4-H was huge in our rural area, and we farm girls could both exhibit livestock and learn to sew and bake. My main focus was the sewing, and in fact I garnered some blue ribbons. That is because I had the best teacher in the county: my mother. Miss Carol Jean Smith married Stanley Gingrich before she finished college, but she deserved an honorary PhD in Home Economics. I mean the noble, mid-century kind, which truly valued all the arts that made Home not only economical, but lovely.
Mom was a master seamstress. She always produced excellence and held me to her high standard. But she also had the ability to teach with patience and to supply consolation as needed. I cried over many crooked hems, many jammed needles, many poorly timed backstitches pedaled imprecisely on the old Singer. She had a little pink seam-ripping tool, which I learned to use with relative composure. If a button hole was crooked, she assured me that I would improve on the next one.
When I was about thirteen, I had an ambitious idea for Father’s Day: I could sew Dad a shirt! What a nice gift, something he would cherish from his only daughter.
The choice of style was easy: Dad loved to play golf. And he was a dapper man for his time and place, liked to look the part, liked owning (as he called them) “snazzy” shirts for on the course. He always enjoyed a new one. And as shirts go, it was the perfect choice for a young seamstress: fairly simple design, no zippers, no stiff collar needing a perfect point, and only three button holes. The casual style would forgive a pucker or two in the shoulder seams (as long as it was under the arms—otherwise, the seam ripper).
I’m sorry to say that, with this project, my mother had a rare failure of judgment. She let me pick out the fabric. I chose terrycloth. It looked so summery, so cool! Well, alright honey, I think that will work; No, I don’t think it will look like a towel. Look at all the colors available; terrycloth seems to be in style this year. Yes, white’s a good choice; it goes with anything.
The sewing went well, albeit a little slippery. There were a couple seams I had to repeat, but nothing to induce tears. All in all, I was pretty proud of that shirt.
Dad opened my neatly wrapped box with a stream of happy commentary: Hmm…what can it be? What did my favorite daughter give me? I’ll bet it’s something really special….As he lifted the shirt from the tissue paper, he poured out praise: I love it! I’ve been needing a white one. He hugged me and kissed my cheek and said all the right things. Of course Mom pretended I had done it all on my own. Dad hurried to the bedroom to try it on.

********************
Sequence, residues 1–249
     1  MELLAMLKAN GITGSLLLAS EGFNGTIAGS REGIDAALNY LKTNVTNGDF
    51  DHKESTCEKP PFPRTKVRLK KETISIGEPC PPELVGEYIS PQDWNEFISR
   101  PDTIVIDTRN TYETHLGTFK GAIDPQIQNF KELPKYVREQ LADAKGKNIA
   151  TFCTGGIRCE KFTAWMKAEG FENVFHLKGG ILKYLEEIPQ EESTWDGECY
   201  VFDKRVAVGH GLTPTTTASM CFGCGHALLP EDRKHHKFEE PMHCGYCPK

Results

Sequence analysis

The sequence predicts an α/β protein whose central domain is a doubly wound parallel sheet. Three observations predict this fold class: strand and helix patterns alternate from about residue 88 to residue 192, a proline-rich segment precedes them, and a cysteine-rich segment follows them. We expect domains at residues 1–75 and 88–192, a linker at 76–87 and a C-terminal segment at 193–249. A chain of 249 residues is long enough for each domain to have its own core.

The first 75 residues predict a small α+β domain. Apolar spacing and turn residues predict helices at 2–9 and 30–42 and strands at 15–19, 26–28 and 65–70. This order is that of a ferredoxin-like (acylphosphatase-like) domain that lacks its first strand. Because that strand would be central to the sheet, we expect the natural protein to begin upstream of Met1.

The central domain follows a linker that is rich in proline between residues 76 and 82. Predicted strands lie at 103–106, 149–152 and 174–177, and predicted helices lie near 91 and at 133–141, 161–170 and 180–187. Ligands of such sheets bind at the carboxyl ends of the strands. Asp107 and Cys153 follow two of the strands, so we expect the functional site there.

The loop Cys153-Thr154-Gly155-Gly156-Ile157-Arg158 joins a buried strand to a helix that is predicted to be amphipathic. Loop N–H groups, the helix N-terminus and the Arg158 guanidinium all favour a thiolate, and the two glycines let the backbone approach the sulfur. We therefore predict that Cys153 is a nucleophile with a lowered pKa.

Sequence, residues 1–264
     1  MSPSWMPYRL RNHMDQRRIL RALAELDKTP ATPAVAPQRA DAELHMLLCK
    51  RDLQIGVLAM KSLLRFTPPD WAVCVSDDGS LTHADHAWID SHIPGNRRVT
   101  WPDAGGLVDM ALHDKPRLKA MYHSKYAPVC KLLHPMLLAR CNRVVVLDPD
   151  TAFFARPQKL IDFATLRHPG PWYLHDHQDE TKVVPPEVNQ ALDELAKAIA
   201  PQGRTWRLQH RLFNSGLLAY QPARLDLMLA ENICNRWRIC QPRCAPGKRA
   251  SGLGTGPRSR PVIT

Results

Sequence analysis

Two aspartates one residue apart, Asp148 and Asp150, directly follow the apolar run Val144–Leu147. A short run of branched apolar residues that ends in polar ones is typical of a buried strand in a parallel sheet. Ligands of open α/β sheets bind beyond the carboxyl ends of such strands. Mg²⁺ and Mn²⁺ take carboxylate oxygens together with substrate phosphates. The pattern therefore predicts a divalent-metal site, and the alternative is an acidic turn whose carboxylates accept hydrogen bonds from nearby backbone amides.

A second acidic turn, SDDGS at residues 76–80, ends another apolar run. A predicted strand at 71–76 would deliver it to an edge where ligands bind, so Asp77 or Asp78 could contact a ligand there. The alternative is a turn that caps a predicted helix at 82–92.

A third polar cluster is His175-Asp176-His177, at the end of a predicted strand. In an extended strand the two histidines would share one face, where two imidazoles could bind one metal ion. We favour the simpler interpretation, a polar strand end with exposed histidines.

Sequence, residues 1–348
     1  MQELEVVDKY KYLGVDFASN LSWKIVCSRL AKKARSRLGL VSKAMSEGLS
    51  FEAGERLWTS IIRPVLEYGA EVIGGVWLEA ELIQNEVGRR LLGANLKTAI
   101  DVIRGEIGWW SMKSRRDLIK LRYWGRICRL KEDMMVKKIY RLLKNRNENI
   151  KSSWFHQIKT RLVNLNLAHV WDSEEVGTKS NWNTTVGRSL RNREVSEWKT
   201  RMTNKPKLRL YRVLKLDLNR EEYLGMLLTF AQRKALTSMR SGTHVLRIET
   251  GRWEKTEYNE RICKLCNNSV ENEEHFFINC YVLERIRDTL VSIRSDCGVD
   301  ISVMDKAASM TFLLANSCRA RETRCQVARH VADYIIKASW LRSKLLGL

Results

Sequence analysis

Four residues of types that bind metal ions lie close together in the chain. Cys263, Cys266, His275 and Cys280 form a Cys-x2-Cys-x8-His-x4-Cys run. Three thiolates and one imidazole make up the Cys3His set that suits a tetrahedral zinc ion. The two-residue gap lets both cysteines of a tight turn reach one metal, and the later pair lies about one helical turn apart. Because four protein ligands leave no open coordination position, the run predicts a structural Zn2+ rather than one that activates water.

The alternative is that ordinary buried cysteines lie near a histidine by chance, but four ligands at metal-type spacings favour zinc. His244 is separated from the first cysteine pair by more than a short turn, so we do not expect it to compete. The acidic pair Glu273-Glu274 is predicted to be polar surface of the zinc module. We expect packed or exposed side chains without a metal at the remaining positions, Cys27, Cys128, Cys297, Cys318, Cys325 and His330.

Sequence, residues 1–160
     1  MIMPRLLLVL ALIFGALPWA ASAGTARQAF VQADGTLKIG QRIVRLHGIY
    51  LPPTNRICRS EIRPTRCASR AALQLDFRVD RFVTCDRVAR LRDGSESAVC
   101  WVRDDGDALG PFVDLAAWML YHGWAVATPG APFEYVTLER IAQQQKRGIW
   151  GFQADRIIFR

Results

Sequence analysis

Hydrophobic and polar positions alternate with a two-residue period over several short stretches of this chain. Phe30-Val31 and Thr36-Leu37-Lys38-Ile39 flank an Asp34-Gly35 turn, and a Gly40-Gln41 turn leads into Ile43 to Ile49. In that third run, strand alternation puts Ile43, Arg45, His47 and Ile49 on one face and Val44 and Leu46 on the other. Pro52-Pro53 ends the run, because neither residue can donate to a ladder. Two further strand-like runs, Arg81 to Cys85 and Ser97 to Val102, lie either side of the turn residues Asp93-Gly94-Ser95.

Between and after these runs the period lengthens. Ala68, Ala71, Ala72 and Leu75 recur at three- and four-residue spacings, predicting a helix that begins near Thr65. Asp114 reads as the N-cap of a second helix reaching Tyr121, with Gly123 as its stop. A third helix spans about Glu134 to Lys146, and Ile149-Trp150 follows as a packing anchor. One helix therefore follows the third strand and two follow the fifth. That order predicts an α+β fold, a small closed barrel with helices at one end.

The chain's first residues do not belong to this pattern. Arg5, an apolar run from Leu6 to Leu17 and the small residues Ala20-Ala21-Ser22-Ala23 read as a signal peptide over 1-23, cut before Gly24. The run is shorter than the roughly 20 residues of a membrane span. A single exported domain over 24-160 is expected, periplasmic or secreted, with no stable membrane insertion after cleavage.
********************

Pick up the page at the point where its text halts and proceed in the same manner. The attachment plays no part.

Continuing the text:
When he emerged, it was painfully obvious to all three of us that the shirt was too small. Way too small.
Turns out white doesn’t go with everything. When stretched taut, it becomes rather transparent, especially in a loose weave. And no thirteen-year old girl wants to see the results: man nipples and springing chest hairs (where the buttons can’t quite reach their holes). Add to that the problem of the legendary Farmer’s Tan: in too-short short sleeves, boundaries are exposed, and that deeply-established brown looks ten shades darker than the upper arms. Next to the shirt’s white glare, Dad’s normally impressive deltoids looked kind of…pink.
When he just a tiny bit suggested that the gift could maybe possibly fit a tiny bit better if the sides were let out just a little, my heart sank. As per instructions, I had carefully trimmed the seam allowances to one-quarter of an inch. There was no way even Dr. Mom could surgically expand my work.
But my father could expand his praise. During his daughter’s thirteen years, he had mastered the loving little lie, the exaggerated affirmation. He tugged that shirt down over his belly and pretended to be rapt with admiration; he waved his arms across his chest to show how the wonderful fabric allowed for great movement. You know, it’s fine; it’s perfect really. No no, it’s not too small. I’m wearing it! Nooo, honey, it’s just right. It’s great, in fact. To this day, I hear his voice--his kind, genuinely cheerful voice—and I see the squeezed smile on Mom’s face. I can even feel the wave of understanding that surely passed between them: Don’t say a word.
My heart teetered between hope and desolation. Dad really did look ridiculous. But he kept saying it was fine, it was fine, and I took the impossible leap of faith and believed him. Mom probably mustered all her imagination: maybe eighteen holes could make that shirt expand farther than the most affectionate fib, and in even better proportions.
No man can look snazzy in too-tight terrycloth. But a good-natured man with an irrepressible sense of humor can pull off something better. I’m quite sure Dad gave into temptation before teeing off. How can I blame him? I knew the reputation of his “golf buddies.” Burt and Ted and his brother Sed were great jokesters. I can easily imagine the scene: the guys chuckled when my father strolled up wheeling his bag behind him on a pushcart. They teased, So Carol finally shrunk your clothes, eh? as they ground cigars into the grass under their saddle-style shoes. What are you clowns talking about? my dad shot back. This shirt? This is my Father’s Day present, and by golly I’m wearing it with pride. You goofballs go ahead and laugh. Those pro-shop shirts of yours sure aren't going to help your lousy putting.
And for the love of his daughter, I bet you he beat them all. And afterwards, he collected their quarters and ribbed them some more and waved off the invitation to a round of beer, because his family was waiting for him at home. And he walked off getting the last laugh: Hey, Teddy, you might have fixed that bad hook, if your shirt hadn’t been so loose.
This past summer, my dad, at 82, shot under his age. That’s a thirty-seven and a thirty-nine, boys. You see, he can still play a perfect game.